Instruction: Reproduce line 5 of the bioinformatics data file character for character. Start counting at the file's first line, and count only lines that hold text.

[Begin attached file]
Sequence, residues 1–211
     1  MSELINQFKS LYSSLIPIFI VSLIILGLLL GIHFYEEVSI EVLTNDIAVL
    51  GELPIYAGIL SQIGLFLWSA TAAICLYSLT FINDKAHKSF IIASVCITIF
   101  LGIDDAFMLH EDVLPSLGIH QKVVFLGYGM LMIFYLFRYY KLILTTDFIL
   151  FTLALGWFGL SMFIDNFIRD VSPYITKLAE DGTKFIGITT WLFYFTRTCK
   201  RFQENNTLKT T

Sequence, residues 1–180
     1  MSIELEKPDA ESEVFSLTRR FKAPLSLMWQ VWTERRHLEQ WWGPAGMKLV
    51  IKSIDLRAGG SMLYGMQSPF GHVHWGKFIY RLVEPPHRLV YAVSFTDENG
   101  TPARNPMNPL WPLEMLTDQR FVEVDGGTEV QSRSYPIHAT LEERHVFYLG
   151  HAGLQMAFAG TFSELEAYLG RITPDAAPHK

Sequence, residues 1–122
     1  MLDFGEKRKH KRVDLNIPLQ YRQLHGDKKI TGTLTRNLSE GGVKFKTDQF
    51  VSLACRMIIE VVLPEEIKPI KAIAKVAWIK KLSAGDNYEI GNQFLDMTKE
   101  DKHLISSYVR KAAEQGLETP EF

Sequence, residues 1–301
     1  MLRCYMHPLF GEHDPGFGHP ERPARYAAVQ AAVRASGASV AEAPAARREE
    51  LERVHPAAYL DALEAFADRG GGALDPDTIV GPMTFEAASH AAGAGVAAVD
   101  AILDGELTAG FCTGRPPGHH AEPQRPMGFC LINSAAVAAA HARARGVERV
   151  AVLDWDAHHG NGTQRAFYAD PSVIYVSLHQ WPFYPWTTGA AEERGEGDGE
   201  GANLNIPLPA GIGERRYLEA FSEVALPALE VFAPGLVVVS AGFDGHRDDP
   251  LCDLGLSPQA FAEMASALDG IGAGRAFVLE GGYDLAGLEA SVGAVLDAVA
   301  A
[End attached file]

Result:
   151  FTLALGWFGL SMFIDNFIRD VSPYITKLAE DGTKFIGITT WLFYFTRTCK